Writing from her own experiences traveling with her young sons, Lorena Mayr shares some tips she has learned along the way.
I have been lucky to have had many opportunities to travel across the Atlantic Ocean several times. It has been a mixed bag though.
First it was just me as a teenager with my siblings and parents, then it was with my boyfriend (and now husband), and later on with a baby. Then it became one baby and one toddler, and now, I get to relax and my two teenage sons are well-seasoned travelers.
But, I have had to learn a few tricks along the way. Our longest trip ever was from Austria to Costa Rica, which involved having to go to the United States first, and our sons were only 6 and 9 at the time. It was a long trip, and I had to make sure I had enough entertainment and lots of patience.
I sometimes cannot believe my eyes when I see people with babies and toddlers or young children board airplanes, particularly when it is going to be a long flight, with nothing along to keep them entertained. Every time I knew we would be making a long trip I made sure to have a few little toys that were new and some snacks the boys would enjoy, since meals on planes can get tricky.
Here are seven my tips, whether you are traveling with a baby, a toddler or a very young child:
- Make sure you have plenty of time to get to the airport and get there early. The unexpected can pop up that might make you late and stressed-out (such as a major diaper change or a spit-up in the taxi or car. Things rarely run smoothly.
- After checking in try to walk around with your baby and look at things; or if you are with a toddler, have them walk or run a bit – it’s better to do this at the airport than on a plane. Get some of that energy out! You will have plenty of time to sit on the airplane later on.
- Bring a bag full of toys for them: you can forget reading your own book because your main focus will keeping your young child entertained and comfortable. Other passengers will be appreciative of this too. You might end up having them fall asleep, in which case you will probably be so exhausted you’ll doze off too.
- If your toddler or young child seems a bit wiggly walk up and down the aisles or go to the back to look out of the round windows.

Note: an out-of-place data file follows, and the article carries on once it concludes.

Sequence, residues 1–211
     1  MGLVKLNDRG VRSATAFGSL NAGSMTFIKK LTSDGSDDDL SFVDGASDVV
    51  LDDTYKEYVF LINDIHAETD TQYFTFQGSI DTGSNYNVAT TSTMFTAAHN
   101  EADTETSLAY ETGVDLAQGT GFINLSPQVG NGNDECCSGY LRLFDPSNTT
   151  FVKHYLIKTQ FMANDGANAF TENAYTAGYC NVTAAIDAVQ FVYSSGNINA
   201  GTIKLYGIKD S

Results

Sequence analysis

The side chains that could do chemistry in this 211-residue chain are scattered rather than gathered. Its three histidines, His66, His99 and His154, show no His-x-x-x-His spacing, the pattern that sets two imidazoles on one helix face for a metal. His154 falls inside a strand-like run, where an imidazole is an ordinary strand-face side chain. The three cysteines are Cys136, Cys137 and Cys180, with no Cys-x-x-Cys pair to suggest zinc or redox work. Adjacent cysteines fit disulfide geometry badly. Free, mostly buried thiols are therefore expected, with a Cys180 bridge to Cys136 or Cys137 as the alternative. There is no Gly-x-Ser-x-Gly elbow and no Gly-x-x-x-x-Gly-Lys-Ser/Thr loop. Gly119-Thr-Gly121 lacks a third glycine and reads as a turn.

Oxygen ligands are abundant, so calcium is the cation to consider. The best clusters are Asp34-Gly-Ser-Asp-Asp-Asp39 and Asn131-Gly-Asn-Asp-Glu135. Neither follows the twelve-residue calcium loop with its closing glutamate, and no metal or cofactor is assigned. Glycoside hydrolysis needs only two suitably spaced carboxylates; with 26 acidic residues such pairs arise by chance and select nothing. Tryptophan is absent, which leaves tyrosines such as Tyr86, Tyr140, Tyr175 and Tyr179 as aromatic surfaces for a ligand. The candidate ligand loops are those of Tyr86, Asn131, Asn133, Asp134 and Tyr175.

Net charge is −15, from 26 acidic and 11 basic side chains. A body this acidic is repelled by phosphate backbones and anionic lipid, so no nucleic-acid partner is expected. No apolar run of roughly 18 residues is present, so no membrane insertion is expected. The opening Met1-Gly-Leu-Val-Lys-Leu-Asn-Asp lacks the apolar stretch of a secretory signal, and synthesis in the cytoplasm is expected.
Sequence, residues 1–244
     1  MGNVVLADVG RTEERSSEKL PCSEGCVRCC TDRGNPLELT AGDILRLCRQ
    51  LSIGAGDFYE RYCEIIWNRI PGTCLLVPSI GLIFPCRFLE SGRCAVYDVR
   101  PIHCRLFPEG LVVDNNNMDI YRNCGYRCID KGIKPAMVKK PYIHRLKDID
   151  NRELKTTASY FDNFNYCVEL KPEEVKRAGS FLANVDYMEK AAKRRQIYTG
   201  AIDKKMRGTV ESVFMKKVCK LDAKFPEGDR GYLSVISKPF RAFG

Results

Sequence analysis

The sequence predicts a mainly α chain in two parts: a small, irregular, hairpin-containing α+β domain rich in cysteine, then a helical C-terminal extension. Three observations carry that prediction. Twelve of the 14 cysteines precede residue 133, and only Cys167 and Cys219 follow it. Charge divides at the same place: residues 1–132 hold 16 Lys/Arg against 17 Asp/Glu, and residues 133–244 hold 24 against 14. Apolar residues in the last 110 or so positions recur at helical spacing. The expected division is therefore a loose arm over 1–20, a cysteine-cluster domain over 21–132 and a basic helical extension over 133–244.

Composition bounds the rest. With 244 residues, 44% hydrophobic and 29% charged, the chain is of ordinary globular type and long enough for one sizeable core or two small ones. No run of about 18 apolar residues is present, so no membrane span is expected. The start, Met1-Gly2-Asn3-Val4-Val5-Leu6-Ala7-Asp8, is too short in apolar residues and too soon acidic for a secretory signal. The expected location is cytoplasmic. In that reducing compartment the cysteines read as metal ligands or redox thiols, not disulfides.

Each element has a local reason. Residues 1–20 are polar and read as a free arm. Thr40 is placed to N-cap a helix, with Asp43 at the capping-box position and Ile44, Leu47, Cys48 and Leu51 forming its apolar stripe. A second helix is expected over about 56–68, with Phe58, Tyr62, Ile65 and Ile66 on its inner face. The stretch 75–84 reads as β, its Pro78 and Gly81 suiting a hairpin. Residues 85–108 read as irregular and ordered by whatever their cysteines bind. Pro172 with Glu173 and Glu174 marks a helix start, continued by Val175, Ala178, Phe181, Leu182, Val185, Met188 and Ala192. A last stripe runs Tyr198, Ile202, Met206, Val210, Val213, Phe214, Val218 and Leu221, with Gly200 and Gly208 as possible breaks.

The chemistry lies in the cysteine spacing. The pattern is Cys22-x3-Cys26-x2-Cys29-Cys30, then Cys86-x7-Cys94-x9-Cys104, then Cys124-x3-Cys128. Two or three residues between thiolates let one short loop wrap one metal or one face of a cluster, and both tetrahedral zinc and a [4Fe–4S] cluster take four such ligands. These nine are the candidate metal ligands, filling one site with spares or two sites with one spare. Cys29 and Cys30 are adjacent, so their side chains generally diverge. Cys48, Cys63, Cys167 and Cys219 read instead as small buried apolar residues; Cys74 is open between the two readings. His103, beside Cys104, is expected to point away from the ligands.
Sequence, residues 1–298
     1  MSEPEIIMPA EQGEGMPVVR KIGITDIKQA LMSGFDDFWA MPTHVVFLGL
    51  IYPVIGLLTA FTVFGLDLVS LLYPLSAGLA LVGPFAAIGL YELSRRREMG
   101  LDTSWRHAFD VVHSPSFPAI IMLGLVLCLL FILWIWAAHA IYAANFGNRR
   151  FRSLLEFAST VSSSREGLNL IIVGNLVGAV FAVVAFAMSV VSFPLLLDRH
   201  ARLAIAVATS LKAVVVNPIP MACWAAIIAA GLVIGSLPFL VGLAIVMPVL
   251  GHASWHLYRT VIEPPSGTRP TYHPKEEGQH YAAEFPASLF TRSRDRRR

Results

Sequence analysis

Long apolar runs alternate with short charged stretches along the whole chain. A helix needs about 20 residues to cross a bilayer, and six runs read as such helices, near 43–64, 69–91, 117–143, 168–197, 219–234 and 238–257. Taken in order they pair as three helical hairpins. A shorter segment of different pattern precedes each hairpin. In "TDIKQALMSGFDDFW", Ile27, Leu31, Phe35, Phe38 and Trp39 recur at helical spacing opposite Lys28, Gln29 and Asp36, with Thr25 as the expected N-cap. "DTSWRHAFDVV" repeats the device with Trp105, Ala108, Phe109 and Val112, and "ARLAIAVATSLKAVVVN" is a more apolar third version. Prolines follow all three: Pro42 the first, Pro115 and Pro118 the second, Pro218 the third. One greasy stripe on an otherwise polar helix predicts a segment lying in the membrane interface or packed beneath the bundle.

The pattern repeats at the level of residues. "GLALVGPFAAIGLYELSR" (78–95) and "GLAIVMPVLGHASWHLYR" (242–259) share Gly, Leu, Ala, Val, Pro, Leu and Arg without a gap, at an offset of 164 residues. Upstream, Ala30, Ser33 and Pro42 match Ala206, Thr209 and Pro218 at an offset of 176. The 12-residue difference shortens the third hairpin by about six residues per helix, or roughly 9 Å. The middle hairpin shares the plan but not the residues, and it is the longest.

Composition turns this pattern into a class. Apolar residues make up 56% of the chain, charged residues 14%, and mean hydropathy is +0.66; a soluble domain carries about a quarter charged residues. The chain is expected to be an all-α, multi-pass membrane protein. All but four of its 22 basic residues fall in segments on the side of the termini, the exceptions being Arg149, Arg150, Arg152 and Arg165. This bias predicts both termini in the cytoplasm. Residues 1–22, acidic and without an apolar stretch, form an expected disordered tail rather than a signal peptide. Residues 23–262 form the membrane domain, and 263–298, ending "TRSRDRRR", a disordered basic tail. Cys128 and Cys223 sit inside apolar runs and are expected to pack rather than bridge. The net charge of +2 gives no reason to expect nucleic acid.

- Make sure you have some crackers, cookies or treats you know your toddler or baby likes – sometimes it can take a long time before the meal is served (especially the transatlantic flights) and you want to avoid a hungry child.
- I always made sure I had something along for pain, like Tylenol or Motrin – little ears can get painful due to the air pressure, which in turn will make everyone miserable. Fevers also seem to creep up at the last minute so take a thermometer too.
- Last but not least, don’t worry about what other people may think. Have lots of patience, both with your baby or toddler and also with the people around you.
Something I just read about a few months ago (although I have never seen on a flight yet) are In-Flight Nannies – another pair of helping hands in case you have to take a long trip with your baby and/or young child by yourself.
I wish there was this kind of support when I was going on transatlantic flights with my sons. Instead my husband and I were able to juggle things and take turns entertaining the boys. But it was all worth it when we arrived at our destinations, the proud grandparents were there to greet us and give us a hand with everything from then onwards.
Do you have any horror stories or good news stories of traveling with children? Have you ever helped out a distressed mother ?
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